This article is attempting to Promise the Future because of the Past. It's doing so without addressing any of the Real Issues that not only America faces but the Global Economy as well. Folks that don't won't to have an Adult Conversation about that and continue to say buy and hold to Infinity are terrified that Folks start selling and they lose. That's basically the bottom-line with these types of Articles. That or some guy trying to collect more investment fees. Maybe both.
"The revision to the mean implies that over time the ups and downs balance with a upward bias trend."
Folks better pray that a Real Revision to the Means never happens, because if it does, it's a long way DOWN. In the Long Haul, you can't continue to Rob Peter to Pay Paul. Some posters just refuse to admit that. 3 Central Banks printing already to the tune of nearly $10Trillion and counting. But sure, ignore real facts and sell the BS of Buy and Hold to Infinity. This has indeed been an Epic Bull Market, the Bear Market that follows will make the Great Recession look like a Walk in the Park. Some ride it up just so that they can ride it down? It's not a crime to lock in profits.
How often have you heard some shill talking about all the cash on the sidelines waiting to come back into the market? Or some pundit worrying that too many investors have rushed into stocks, signaling an imminent sell-off?
Well, now, we can safely ignore those claims and others like them. An authoritative new study shows that all investors -- individuals and institutions alike -- are keeping the lowest percentage of their portfolios in stock in over half a century.
SAN FRANCISCO (Reuters) - Uber Inc has raised $1.2 billion from mutual funds and other investors in a funding round valuing the fast-growing rides-on-demand service at $18.2 billion, one of the highest valuations ever for a Silicon Valley startup.
Uber Chief Executive Officer Travis Kalanick announced the funding round on Uber's blog Friday.
The funding, eclipsed only by the likes of Facebook Inc before it went public, is a vote of confidence by investors in four-year-old Uber's growth potential.
More JUNK technology that can't turn profit so it hucksters ads and takes investor capital. When do we close the door on this crap and focus on meaningful jobs?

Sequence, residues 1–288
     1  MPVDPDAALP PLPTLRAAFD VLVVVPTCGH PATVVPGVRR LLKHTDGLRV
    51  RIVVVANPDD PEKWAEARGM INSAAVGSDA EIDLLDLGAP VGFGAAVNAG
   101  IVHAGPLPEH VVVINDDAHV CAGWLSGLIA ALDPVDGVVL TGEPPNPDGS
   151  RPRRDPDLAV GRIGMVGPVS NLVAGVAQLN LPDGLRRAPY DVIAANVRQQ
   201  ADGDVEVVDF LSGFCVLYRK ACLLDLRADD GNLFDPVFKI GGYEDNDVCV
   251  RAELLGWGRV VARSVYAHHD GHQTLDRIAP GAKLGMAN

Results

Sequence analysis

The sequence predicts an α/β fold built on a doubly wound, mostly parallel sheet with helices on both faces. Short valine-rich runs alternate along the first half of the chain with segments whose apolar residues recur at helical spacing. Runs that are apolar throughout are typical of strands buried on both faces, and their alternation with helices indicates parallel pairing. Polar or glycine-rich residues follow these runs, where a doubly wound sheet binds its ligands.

For a lot of steady, slow growth stocks, there are no-purchase-fee DRIPs where you can put in as little as $25 in some cases or $50, $100, or $250 minimums in others so that you don't have to wait and save up enough to make trading commissions an insignificant percentage of the investment. This allows dollar-cost-averaging lets you buy more shares at the lower prices and fewer shares at the higher prices even though you don't know when you're at a high or low point. Stocks that have such drips include Abbott Labs, Cracker Barrel Old Country Store, Exxon, Conoco, General Mills, Procter & Gamble, and Bank of America.
Now would be a good time to put them in something beaten down like gold, small cap stocks, European issues, bonds.
The important thing is to start accumulating and learning. Time is more important than how much; start now!
The study is nonsensical. Investing on the last day of the year tells us exactly nothing. Was the last day of a particular year the highest? lowest? 2nd highest?
Put together a study which shows investing on the highest and lowest days of the year over 30 years and see what happens.
The best advice is from John Bogle of Vanguard; pick an allocation you can live with and rebalance periodically. That forces you to sell some assets high and buy other assets low. You'll sleep better too.
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[BRIEFING.COM] The stock market punctuated July with a broad-based retreat that sent the S&P 500 lower by 2.0% with all ten sectors ending in the red. The benchmark index posted a monthly decline of 1.5%, while the Russell 2000 (-2.3%) underperformed to end the month lower by 6.1%.
To get a better feel for what led to today's retreat, we'd like to look back to Wednesday, when the market had ample reason to rally, but did not. Instead, it ended basically flat after a sloppy day of ... More